TRC: Can you tell us a bit about your creative process when writing THE ABLES? Did you write it all at once or did it take a long time? Did you do research on disabilities?

JS: I wrote the first draft over the course of about 8 months. I work best at night, so I’d write for 2-3 hours each night. But that was 9 years ago. There have been many rewrites and edits since.

I did do research on disabilities. The book doesn’t contain a lot of detail in that regard, but it was important to me to understand what I was writing about. I didn’t want to take the chance of something not ringing true.

TRC: Who are your favorite superheroes and villains?

JS: Batman, Batman, Batman, and… Batman. I was a Batman kid, and that kid never grew up. I’d probably list Joker as one of my favorite villains as well. Outside of classic comic book characters, I’d put David Dunn and Mr. Glass from Unbreakable up there --- that’s a movie I love that often goes overlooked in those “best superhero movies” discussions. Both those characters have such great authenticity in their motives and backstories.

TRC: What were your favorite books growing up?

JS: In terms of classic literature, there were a few books I read in school that just smacked me in the face and stayed with me: A SEPARATE PEACE, TO KILL A MOCKINGBIRD, THE TIME MACHINE and FAHRENHEIT 451. In terms of just broader reading, I’ve read lots of stuff that I loved. I had a Choose Your Own Adventure phase, anArchie phase…I think I read all the original Tom Clancy and Michael Crichton novels. Lots of C.S. Lewis.

TRC: You're the co-creator and narrator of Cinema Sins. Was it difficult for you to transition from writing comedic movie critiques to writing a novel?

JS: Not at all. It was a welcome change of pace. I’ve always had wildly varying interests as a writer. For a while it was all poems and songs. Then screenplays (terrible ones). I worked as a writer for online publications for a while. So I’m always happy to change things up and write in a different style or tone. And maybe give people a chance to see a side of me that’s not an exaggerated nitpicker.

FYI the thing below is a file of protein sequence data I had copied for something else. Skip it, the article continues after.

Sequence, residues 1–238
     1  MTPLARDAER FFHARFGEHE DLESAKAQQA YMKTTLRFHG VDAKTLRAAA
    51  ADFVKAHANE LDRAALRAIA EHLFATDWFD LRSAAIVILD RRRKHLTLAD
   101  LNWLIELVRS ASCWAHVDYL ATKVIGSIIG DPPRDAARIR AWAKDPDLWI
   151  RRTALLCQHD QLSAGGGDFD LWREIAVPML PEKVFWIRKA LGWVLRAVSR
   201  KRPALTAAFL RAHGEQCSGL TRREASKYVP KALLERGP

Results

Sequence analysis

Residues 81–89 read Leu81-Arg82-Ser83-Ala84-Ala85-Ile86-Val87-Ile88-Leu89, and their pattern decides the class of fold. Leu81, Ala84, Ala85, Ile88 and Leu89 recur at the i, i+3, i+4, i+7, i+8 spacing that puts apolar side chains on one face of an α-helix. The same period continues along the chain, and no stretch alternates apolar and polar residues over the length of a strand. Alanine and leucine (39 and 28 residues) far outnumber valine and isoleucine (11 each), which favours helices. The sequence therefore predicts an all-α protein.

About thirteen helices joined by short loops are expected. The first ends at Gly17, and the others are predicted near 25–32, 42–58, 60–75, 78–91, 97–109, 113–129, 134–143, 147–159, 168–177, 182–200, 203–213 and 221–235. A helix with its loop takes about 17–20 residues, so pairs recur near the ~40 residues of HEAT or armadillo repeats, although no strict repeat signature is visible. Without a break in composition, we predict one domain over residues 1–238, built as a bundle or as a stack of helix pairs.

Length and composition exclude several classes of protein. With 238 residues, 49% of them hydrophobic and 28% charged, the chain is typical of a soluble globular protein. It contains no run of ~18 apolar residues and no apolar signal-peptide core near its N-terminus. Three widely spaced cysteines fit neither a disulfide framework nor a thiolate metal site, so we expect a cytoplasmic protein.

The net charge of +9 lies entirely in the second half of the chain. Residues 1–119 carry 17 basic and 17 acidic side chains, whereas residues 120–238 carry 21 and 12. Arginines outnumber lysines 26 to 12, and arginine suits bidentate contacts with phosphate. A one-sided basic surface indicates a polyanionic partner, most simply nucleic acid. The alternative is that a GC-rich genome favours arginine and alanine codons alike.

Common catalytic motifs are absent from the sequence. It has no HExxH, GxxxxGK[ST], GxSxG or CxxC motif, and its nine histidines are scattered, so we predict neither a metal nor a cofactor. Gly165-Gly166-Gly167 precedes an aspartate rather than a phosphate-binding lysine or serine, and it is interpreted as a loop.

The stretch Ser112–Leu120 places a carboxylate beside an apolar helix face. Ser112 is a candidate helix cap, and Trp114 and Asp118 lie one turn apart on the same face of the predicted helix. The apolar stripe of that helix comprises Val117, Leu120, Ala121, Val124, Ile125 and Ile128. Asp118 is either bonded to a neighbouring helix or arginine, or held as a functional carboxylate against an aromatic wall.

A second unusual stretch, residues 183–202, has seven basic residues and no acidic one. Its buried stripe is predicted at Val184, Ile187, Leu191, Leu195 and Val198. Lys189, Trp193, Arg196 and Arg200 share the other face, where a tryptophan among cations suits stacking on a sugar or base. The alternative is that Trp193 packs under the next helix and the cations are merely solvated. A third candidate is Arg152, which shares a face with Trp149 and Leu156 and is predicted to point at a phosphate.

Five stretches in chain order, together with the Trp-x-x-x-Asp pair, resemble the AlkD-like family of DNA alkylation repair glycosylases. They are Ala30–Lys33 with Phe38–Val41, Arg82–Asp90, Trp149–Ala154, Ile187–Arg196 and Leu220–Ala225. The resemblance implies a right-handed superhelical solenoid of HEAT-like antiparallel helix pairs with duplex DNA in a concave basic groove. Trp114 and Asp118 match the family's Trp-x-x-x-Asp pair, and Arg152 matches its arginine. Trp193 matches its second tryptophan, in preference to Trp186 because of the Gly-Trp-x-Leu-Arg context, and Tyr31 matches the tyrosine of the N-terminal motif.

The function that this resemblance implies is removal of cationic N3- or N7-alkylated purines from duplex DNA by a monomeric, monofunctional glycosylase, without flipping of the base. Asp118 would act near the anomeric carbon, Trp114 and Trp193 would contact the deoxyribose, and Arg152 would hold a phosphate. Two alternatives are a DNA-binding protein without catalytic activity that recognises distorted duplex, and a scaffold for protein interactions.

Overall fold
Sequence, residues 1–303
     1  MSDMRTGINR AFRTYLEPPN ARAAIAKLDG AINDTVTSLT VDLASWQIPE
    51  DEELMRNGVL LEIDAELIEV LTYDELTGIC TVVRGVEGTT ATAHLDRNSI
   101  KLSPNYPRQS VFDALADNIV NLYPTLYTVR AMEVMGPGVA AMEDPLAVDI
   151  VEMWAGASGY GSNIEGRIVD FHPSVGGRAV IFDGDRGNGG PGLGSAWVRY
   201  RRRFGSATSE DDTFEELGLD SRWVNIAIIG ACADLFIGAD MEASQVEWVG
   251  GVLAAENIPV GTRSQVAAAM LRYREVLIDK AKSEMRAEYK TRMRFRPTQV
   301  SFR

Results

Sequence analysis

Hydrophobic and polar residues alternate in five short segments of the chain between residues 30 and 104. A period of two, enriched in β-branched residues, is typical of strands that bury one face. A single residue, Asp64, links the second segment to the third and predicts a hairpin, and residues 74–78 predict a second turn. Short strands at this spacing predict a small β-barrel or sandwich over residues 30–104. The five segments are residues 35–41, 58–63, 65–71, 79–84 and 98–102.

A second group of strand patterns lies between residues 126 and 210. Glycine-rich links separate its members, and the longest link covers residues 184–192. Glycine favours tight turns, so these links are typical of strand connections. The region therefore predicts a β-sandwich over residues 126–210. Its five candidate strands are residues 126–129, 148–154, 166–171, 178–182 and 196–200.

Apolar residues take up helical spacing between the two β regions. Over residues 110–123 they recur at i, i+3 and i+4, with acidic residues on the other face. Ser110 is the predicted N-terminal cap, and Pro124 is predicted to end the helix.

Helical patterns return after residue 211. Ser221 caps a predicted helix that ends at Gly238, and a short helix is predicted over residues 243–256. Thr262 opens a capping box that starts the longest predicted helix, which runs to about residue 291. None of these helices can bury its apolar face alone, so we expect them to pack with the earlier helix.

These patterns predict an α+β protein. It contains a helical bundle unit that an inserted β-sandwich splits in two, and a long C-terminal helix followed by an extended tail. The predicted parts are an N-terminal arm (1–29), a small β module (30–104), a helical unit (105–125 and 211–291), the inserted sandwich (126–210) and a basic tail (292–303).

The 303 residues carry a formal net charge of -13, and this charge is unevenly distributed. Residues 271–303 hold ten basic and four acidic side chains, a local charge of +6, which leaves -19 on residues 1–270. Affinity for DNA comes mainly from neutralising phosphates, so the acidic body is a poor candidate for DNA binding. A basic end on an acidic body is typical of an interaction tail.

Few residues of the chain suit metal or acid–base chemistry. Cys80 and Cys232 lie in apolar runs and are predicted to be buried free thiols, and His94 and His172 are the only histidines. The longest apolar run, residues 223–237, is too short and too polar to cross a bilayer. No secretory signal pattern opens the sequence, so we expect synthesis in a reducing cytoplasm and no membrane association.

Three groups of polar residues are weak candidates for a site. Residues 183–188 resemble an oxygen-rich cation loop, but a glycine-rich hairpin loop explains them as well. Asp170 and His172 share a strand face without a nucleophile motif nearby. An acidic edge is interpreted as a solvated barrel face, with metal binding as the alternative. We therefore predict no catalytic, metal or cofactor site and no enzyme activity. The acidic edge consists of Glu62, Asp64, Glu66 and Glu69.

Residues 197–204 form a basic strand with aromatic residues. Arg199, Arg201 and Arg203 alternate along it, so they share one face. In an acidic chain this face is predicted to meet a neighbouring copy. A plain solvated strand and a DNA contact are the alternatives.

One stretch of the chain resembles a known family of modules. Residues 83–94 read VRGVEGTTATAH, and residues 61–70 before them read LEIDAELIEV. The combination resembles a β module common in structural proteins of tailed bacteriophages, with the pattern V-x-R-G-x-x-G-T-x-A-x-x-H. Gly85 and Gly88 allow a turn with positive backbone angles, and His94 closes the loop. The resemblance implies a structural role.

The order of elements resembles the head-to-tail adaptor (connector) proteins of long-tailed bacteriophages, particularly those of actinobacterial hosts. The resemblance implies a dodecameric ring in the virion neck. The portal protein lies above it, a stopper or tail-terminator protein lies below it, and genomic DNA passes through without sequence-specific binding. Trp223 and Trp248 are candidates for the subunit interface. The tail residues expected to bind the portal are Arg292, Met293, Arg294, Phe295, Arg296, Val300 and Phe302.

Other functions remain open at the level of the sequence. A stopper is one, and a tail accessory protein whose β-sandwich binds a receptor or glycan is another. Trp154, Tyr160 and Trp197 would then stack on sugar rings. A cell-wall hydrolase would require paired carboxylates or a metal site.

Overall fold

TRC: Are you working on anything new (a sequel to THE ABLES, perhaps)?

JS: I have three projects in very early outline stage. One would be a sequel to THE ABLES, yes. If I’m fortunate enough to continue their story, there are probably fourAbles stories in total that I’d love to tell.

The other two are just ideas I’ve had recently that have resonated with me; one is a detective story and the other is an adventure, both set different eras in early American history.

TRC: Do you have any advice for aspiring writers?

JS: Write a lot. Write some things you don’t like writing. Take a job where writing is part or all of your responsibility. Write through writer’s block --- I always open a new document and start writing something very different from what I was stuck on, and it usually helps jog my brain back into a creative flow. It’s okay to write things you end up thinking are bad; I have suitcases full of old writing the world will never see. Being a good writer takes practice, but I believe anyone can do it.